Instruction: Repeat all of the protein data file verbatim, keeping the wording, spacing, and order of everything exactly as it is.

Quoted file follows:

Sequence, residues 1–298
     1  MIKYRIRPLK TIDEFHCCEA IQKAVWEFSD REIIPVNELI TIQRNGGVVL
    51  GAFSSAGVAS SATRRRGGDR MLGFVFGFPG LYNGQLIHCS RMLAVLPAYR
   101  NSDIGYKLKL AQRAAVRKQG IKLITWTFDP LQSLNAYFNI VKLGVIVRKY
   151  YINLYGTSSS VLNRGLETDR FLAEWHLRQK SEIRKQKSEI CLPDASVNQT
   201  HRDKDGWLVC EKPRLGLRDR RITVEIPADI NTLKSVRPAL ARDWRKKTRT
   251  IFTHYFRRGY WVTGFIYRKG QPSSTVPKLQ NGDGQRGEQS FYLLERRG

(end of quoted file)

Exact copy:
Sequence, residues 1–298
     1  MIKYRIRPLK TIDEFHCCEA IQKAVWEFSD REIIPVNELI TIQRNGGVVL
    51  GAFSSAGVAS SATRRRGGDR MLGFVFGFPG LYNGQLIHCS RMLAVLPAYR
   101  NSDIGYKLKL AQRAAVRKQG IKLITWTFDP LQSLNAYFNI VKLGVIVRKY
   151  YINLYGTSSS VLNRGLETDR FLAEWHLRQK SEIRKQKSEI CLPDASVNQT
   201  HRDKDGWLVC EKPRLGLRDR RITVEIPADI NTLKSVRPAL ARDWRKKTRT
   251  IFTHYFRRGY WVTGFIYRKG QPSSTVPKLQ NGDGQRGEQS FYLLERRG